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Burial in Ancient Egypt and Today
Transcript of Burial in Ancient Egypt and Today
always bury their dead. If you were rich when you died, you would be buried in a valley, different types of pyramids, or in burial chambers.
If you died poor, you would be buried
under a pile of rocks. Mummification There are two processes
of mummification. The first process
is embalming. There are 12 steps. The body is washed with palm wine.
The body is rinsed off with water from the Nile River. On the left side of the body, a cut is made.
Then the internal organs (the liver, the stomach, the lungs, the small intestine, and the large intestine) are removed.
Next, the brain is removed. A long hook is inserted through the nose and will pull the brain out. Egyptians didn't know what the brain was for, so they took it out. Next, the body is stuffed and covered with natron. (That was known as the drying stage.)
Wait forty days for the body to dry.
The body will be washed with water from the Nile River (again).
The body is covered with sweet smelling oils.
The body is stuffed with dry things, such as linen, sawdust, and leaves.
Then the body is covered with more oils. Last, the internal organs are put into canopic jars. Canopic Jars There were four canopic jars
containing either the intestines,
lungs, liver, or stomach. Each jar
had a head of one of the four sons
of Horus. (Horus was the god of the
sky, sun, and moon.) Duamutef: contained the
stomach and was protected
by the goddess Neith. (Neith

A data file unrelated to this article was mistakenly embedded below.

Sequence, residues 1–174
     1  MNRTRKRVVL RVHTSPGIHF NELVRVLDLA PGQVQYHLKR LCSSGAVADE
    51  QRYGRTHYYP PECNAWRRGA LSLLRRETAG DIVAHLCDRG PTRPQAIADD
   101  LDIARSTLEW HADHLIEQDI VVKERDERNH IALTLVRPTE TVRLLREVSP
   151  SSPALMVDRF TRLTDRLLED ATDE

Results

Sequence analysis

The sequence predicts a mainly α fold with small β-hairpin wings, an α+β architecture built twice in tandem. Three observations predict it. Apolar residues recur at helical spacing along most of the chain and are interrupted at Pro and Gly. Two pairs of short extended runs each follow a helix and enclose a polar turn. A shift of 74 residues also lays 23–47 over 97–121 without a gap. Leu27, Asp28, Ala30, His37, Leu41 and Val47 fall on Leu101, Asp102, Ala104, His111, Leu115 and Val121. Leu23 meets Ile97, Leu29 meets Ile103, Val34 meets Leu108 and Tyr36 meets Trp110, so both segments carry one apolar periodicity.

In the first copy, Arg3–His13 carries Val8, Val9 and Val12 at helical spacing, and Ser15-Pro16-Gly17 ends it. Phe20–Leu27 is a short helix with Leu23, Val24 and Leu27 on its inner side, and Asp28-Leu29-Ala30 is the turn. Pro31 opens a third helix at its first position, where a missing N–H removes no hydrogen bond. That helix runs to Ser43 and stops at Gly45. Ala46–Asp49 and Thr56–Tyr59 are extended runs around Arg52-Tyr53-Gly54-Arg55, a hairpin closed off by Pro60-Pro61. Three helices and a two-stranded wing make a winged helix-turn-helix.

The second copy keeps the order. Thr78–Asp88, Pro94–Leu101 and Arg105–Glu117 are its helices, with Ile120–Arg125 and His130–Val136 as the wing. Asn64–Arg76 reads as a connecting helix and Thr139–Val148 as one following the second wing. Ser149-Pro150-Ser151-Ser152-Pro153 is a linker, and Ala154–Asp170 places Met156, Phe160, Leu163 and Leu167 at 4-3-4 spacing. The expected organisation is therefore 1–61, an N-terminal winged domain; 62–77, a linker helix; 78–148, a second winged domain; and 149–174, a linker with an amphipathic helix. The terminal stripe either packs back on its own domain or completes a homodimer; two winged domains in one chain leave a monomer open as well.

was the water goddess.) Qebehsenuef: contained
the intestines and was
protected by the goddess
Selket. (Selket was the
goddess of healing bites
and stings.) Hapi: contained the
lungs and was protected
by the goddess Nephthys.
(Nephthys was the excellent
goddess or useful goddess.) Imseti: contained the liver
and was protected by the
goddess Isis. (Isis was the
goddess of magic, motherhood,
and fertility.) Now the person being mummified
is ready for the second process which
is wrapping. There are 18 steps. The head and neck are wrapped.
The toes and fingers are wrapped.
The legs and arms are wrapped.
The sacred amulet is placed. (The sacred amulet is the tyet, also known as the Isis knot. ) The origin of the sacred amulet is unknown. Spells form the Book of the Dead are read. The spells served a range of purposes. Some spells are intended to identify the dead person with the gods, or maybe even to give the dead person mystical knowledge for the afterlife. The arms and legs are tied together.
A scroll is placed between the hands of the deceased . The rest of the body is wrapped. The body is painted with liquid resin (glue).
A cloth with Osiris painted on it is wrapped around the body. (Osiris is the god of the Afterlife, underworld, and the dead.) A large cloth is wrapped around the body.
Linen stripes are wrapped around the body to hold the body in place. The mummy is put in a first coffin.
The mummy is put in a second coffin.
The funeral is held. The opening of the mouth ceremony is preformed. (The opening of the mouth ceremony is a ritual that ancient Egyptians believed. They believed magic opened the mouth of the dead person so they can speak and breathe.) Anubis was the god of the
dead and embalming. He
was believed to watch over
the process of mummification.
The mummy is put into the sarcophagus. A sarcophagus is a stone coffin. Last, the mummy is put into its final resting place, which is the tomb. It depended whether you were rich or poor when you died for where you would be buried. Modern Egypt Today, most Egyptians are Muslims. If you are a Muslim, there are
burial rituals that must be
preformed when you die. Burial rituals should normally take place as soon as possible after the Muslim person dies. There are 5 steps. The dead body is bathed, except in extraordinary circumstances.
The dead body is wrapped in linen cloth or white cotton.
Then there is the funeral prayer. The funeral prayer is a prayer for the deceased always said by a male.
The body is buried in a grave.
The dead body is positioned so that the head faces towards Mecca. Mecca is a city that is regarded as the holiest in all of Islam.
More than 13 million Muslims visit Mecca annually.